Recently, five UCLA freshmen got to have an on-set visit with the cast, crew, producers and writers of “The Big Bang Theory” at the Warner Bros studio. That sounds awesome. It’s good to see a show that deals with scientific themes give back to the science community. Especially because these people looked up to the Big Bang Theory cast when they were younger.

“Mayim Bialik is so nice. She’s so cute. She’s a neuroscientist!”

“I just shook Johnny Galecki’s hand — the guy who has been inspiring me since seventh grade!”

These freshmen were the latest recipients of scholarships to UCLA from the Big Bang Theory Scholarship Endowment. Now in its second year of supporting low-income students who are pursuing degrees in science, technology, engineering and mathematics. These amazing folks are Mia Shannon Reyes, majoring in aerospace engineering; Mateen Ul Hassan, a physics major; Steven La, a math major; Amy Shao, a neuroscience major like Bialik; and Jonathan Shi Jr., majoring in pre-microbiology, immunology and molecular genetics.

The endowment has already raised more than $4 million, with an initial donation from the Chuck Lorre Family Foundation. Plus gifts from nearly 50 people associated with the show. Donations came from all the lead actors, including Bialik, who earned her Ph.D. in neuroscience from UCLA; Johnny Galecki; Jim Parsons; Kaley Cuoco; Simon Helberg; Kunal Nayyar; and Melissa Rauch. Gifts also came from executive producers Bill Prady and Steven Molaro, crew members, Warner Bros. Television, CBS, other corporate partners and UCLA physics Professor David Saltzberg, the show’s own science consultant.

“A toast to the 2016 UCLA Big Bang scholars. Congratulations!” Lorre said. “And just because, here’s something for you. … I’m gonna ruin the surprise; they’re iPads.”

The scholarship will support five new UCLA science students each new school year. 52% of UCLA students receive need-based scholarships, grants or other aid; 39% of undergraduates are receiving Pell Grants from low-income families. Almost one-third of UCLA graduates have parents who didn’t graduate from a four-year college or university.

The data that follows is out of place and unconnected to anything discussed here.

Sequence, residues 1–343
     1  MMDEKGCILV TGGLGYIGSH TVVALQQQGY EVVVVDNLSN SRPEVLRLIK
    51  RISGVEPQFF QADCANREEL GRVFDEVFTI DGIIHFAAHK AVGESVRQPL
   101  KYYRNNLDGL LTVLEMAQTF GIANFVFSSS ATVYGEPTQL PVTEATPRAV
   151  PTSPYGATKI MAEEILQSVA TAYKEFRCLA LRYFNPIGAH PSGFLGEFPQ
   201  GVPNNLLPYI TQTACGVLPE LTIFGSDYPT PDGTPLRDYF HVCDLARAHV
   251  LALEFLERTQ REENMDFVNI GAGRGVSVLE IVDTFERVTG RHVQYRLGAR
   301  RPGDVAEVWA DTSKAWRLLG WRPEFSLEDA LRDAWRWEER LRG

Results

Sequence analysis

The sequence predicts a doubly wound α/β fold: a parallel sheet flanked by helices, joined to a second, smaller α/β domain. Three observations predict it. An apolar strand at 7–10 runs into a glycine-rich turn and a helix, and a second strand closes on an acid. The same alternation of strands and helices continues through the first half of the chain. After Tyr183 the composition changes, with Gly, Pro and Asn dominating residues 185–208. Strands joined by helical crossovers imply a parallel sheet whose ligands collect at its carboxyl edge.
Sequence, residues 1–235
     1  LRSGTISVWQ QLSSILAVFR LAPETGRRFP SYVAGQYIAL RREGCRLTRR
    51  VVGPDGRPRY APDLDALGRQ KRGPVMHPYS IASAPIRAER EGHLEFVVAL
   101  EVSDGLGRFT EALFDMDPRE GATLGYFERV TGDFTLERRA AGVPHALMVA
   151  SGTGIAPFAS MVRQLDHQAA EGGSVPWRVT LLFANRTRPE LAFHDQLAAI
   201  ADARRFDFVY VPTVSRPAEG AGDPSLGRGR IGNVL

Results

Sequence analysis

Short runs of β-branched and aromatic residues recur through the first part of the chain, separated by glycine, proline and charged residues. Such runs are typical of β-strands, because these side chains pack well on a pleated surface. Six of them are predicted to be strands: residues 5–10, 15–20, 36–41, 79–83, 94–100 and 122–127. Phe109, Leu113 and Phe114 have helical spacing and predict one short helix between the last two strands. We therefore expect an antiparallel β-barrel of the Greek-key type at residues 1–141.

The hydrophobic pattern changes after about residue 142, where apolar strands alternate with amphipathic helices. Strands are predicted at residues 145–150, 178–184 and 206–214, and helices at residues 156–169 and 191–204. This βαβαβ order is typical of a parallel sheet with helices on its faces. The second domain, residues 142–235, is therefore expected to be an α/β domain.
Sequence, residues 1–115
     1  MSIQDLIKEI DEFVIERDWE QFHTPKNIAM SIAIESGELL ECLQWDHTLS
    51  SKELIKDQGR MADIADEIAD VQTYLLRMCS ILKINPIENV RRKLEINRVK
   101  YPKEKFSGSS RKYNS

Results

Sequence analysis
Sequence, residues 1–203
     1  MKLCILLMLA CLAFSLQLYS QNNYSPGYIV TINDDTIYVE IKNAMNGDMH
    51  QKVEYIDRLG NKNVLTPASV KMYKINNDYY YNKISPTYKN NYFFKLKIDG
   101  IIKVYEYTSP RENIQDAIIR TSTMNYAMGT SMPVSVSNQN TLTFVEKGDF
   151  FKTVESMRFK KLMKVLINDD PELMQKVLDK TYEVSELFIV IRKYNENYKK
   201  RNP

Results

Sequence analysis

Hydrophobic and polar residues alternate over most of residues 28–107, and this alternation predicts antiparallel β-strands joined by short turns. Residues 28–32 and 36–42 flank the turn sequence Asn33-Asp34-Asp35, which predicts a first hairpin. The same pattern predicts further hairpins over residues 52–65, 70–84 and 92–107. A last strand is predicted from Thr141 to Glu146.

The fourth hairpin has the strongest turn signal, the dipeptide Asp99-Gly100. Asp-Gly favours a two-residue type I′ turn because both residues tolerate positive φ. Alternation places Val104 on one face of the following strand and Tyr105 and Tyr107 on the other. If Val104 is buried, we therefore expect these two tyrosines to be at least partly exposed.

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“These are the people who could potentially be the next innovators and the next research discovery pioneers, and all of that happens at a place like UCLA,” Bialik said. “Imagine if someone literally could not afford to go to UCLA. … We get to contribute to a pool that increases the probability that someone will be able to have that experience.”

One of this year’s scholars was in that exact position. Two days before the deadline to get into UCLA — her “dream school” — Reyes was pressured to take a more affordable road. Then she got word that she had received the UCLA Big Bang Theory scholarship. Now she’s living on the Westwood campus and majoring in aerospace engineering (the same field as that of the Howard Wolowitz character on the show).

“I always wanted to go here,” said Reyes of UCLA, and who has long been inspired by the show. “I still watch the show, and that was all I watched in middle school. In middle school, I still wanted to be a writer, and the show was one of the things that inspired me to go into engineering.”

This article will be continued in a part 2. Also, the information was taken from

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